Last-of-its-kind rocket puts GPS satellite in orbit
A United Launch Alliance Delta IV rocket lifts off from space launch complex 37 at the Cape Canaveral Air Force Station with the second Global Positioning System III payload, Thursday, Aug. 22, 2019, in Cape Canaveral, Fla. (AP Photo/Terry Renna)
CAPE CANAVERAL, Fla. -- A rocket that's the last of its kind delivered the newest, most powerful GPS satellite to orbit for the Air Force on Thursday.
United Launch Alliance's Delta IV medium-class rocket blasted into a hazy morning sky from Cape Canaveral Air Force Station. It was a fitting swan song for the rocket. Company President Tory Bruno tweeted that the liftoff was "hot, straight and normal."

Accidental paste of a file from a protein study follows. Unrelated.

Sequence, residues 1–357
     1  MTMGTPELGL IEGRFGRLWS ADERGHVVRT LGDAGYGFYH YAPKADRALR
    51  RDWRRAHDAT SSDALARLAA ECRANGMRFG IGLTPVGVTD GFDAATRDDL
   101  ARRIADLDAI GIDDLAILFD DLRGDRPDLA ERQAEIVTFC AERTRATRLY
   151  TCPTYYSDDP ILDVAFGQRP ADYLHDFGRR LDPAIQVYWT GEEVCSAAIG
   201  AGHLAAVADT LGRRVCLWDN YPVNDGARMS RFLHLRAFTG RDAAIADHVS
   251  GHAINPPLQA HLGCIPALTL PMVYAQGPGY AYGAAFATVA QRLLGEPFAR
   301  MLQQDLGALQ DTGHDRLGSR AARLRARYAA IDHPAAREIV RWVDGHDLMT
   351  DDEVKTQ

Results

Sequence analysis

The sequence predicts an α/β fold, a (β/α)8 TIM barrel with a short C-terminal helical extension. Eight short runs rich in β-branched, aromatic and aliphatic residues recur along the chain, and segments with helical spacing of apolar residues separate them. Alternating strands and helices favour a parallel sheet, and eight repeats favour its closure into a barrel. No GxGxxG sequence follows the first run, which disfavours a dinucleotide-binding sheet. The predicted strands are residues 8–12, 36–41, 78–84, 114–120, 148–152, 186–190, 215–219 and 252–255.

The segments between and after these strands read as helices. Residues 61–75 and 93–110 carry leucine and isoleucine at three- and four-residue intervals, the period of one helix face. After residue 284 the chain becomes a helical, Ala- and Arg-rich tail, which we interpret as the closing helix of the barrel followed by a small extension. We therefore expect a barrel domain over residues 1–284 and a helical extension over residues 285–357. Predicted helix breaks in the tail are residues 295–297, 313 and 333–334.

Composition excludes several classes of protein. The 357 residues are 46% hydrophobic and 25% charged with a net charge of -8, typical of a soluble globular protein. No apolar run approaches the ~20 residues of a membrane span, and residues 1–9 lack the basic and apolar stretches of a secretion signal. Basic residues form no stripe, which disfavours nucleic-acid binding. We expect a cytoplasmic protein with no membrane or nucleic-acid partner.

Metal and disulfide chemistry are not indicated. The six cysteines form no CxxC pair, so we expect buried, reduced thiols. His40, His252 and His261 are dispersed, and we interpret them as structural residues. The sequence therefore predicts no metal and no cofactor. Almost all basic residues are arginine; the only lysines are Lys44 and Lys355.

Two hours later, the satellite separated from the upper stage and the company declared success.
The Delta IV Medium ended its 17-year run with 29 launches. Denver-based United Launch Alliance said it will be replaced by the still-in-development Vulcan rocket. The Delta IV Heavy, meanwhile, will continue to soar.
The newly launched GPS satellite is the second in a series of next-generation navigation spacecraft. It's nicknamed Magellan after the 16th-century Portuguese explorer. Lockheed Martin, also based in Colorado, built the satellite.